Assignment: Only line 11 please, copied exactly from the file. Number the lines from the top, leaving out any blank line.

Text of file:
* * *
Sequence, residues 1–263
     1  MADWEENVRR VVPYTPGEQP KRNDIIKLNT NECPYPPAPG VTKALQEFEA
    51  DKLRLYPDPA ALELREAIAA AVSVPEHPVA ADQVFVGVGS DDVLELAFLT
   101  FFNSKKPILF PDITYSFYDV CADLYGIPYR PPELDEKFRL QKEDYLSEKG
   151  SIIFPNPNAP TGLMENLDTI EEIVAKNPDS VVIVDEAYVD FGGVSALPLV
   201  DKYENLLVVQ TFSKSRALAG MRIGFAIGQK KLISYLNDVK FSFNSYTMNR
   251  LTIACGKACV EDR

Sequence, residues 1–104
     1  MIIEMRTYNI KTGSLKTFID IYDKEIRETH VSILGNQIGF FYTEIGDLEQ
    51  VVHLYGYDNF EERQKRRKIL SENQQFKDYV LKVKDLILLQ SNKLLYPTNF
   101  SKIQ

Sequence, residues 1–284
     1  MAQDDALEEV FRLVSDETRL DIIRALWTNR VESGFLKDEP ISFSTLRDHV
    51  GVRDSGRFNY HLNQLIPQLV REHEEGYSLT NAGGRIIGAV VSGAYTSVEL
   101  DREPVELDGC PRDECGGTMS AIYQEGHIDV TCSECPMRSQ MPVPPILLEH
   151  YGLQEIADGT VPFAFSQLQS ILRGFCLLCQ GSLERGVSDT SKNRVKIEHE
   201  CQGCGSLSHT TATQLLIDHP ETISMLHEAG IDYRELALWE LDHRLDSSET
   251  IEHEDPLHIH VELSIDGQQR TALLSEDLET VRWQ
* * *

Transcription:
   101  SKIQ